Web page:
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From landfill to heath land habitat

It is the end of an era at Warmwell Landfill site in Dorset, with the last load tipped and the transformation to a heath land habitat underway.

Poignantly, the last load was tipped at the Viridor-owned site by driver Tony Singleton, the man who got the ball rolling by placing the very first load at the complex nearly ten years ago.

The area has been used for various forms of waste disposal since the 1950’s and played a crucial role in Britain’s war effort before contributing essential minerals and waste management services for businesses and householders across the country for many decades.

With the landfill now complete, it will be capped with clay and topsoil’s and restored to lowland heath, a scarce and dwindling natural habitat that is extremely important for some of Dorset’s rarest species including Sand Lizard, Smooth Snake and Dartford Warbler.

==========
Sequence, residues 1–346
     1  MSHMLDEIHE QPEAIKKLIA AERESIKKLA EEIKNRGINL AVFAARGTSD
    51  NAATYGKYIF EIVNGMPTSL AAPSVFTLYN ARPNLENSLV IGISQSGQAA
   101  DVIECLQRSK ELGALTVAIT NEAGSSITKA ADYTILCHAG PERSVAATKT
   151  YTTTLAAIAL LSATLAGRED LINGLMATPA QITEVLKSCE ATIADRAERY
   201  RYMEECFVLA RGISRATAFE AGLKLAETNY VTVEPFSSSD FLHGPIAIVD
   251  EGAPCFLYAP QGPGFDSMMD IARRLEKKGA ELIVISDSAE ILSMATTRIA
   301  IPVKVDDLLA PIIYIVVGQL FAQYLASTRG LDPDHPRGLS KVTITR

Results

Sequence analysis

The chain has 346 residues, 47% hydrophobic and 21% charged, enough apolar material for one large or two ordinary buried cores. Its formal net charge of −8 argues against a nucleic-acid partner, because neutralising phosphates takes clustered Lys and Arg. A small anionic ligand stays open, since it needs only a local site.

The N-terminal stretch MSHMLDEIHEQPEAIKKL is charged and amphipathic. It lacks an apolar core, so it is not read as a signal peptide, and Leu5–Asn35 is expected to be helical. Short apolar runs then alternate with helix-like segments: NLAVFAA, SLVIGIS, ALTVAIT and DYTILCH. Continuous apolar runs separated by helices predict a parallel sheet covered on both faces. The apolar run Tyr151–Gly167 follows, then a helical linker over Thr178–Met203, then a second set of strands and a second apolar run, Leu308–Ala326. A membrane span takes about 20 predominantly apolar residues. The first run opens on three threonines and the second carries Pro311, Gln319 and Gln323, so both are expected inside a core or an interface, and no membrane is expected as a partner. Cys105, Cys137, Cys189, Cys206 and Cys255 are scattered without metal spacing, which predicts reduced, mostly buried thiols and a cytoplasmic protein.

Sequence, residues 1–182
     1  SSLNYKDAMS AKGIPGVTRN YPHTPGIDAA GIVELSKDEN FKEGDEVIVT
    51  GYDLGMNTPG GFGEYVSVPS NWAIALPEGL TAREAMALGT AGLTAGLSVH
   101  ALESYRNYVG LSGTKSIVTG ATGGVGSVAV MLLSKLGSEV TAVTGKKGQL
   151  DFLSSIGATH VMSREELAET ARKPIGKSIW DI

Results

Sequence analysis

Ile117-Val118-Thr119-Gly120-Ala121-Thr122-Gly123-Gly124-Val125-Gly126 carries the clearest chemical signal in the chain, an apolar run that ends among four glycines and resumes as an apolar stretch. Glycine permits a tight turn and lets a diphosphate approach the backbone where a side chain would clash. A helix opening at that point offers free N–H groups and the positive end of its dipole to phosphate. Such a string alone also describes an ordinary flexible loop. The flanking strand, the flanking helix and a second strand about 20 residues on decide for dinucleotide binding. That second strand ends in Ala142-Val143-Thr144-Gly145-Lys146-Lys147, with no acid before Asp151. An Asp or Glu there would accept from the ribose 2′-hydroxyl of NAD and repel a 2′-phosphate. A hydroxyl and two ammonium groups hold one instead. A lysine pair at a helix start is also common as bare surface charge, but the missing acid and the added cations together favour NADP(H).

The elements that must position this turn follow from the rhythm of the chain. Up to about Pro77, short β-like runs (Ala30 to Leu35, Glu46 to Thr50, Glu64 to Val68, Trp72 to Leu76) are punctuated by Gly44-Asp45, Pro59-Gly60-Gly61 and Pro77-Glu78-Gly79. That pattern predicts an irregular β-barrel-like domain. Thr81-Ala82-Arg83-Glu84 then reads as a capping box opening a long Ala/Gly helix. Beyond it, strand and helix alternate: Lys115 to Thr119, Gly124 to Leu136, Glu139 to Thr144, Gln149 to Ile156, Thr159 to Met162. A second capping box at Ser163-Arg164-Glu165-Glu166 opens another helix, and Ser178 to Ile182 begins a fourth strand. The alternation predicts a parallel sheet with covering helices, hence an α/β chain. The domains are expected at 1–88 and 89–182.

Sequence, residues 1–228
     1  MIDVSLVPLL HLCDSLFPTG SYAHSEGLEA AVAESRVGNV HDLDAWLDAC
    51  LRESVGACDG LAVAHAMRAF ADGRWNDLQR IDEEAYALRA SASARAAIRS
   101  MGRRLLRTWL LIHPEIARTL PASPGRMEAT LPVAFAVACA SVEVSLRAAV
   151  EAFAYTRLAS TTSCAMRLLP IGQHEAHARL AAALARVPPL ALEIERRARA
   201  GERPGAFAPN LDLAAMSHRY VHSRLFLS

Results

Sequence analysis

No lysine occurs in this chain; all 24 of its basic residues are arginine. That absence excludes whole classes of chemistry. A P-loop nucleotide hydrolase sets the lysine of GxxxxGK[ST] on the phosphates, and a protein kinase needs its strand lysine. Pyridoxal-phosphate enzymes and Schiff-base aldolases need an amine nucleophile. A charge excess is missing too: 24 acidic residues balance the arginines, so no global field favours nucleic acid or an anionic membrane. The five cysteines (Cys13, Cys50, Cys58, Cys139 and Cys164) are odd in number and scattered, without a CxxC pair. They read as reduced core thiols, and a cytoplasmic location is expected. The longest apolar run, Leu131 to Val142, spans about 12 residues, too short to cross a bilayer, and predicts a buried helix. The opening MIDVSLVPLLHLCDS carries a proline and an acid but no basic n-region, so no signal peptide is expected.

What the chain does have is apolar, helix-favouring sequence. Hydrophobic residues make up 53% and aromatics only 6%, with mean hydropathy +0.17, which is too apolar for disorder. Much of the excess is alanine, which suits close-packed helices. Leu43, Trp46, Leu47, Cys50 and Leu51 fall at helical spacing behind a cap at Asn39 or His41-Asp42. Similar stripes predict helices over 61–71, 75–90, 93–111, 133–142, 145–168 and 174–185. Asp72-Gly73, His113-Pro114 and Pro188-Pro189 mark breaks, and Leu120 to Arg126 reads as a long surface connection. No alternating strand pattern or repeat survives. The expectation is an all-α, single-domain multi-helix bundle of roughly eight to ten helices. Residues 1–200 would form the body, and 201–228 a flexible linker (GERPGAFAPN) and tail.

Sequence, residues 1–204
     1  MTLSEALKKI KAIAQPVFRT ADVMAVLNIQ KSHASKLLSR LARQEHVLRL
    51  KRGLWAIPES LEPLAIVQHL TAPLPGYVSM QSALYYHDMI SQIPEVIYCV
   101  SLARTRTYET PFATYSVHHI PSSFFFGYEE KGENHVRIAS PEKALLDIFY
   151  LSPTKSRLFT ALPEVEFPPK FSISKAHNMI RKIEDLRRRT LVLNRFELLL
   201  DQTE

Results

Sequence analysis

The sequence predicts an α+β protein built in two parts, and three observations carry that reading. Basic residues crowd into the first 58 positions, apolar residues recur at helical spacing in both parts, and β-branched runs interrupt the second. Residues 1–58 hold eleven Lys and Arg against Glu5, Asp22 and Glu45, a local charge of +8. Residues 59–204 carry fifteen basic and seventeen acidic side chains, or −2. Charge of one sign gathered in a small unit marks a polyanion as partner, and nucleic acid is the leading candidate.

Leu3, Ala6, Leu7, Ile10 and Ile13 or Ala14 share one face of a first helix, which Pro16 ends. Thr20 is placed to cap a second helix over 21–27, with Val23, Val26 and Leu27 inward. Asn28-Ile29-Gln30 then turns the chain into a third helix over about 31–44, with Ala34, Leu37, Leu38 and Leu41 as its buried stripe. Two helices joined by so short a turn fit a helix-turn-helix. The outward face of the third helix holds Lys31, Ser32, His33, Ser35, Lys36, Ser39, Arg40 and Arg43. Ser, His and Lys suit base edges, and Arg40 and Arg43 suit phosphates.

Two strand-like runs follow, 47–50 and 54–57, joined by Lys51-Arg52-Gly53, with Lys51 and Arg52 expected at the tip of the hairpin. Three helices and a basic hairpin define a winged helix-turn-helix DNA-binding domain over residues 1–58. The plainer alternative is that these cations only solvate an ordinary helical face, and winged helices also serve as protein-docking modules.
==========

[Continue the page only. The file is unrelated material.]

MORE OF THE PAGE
Warmwell unit manager Rob Hawkins said: “I’d like to thank and congratulate the team here at Warmwell Landfill for their hard work and professionalism over the life-time of the site.

Even at the gritty end of the business, it’s possible to have some good times and we’ve had plenty.”

Viridor will now move its Dorset operations from the site that won the Peel Prize Cup for best run waste management facility in 2003 to its Tatchells Landfill and the soon-to be opened Trigon Landfill near Wareham.

Viridor has shown at its other sites that the complex creation of such heath land can pay great conservation dividends for the long-term benefit of the local environment. The final restoration will begin this spring and will be completed by autumn.

Hawkins added: “Through the funding of many local projects, the service we’ve provided, and the heath land restoration scheme, we can be proud that we’ve put something back into the area for the benefit of generations to come.”

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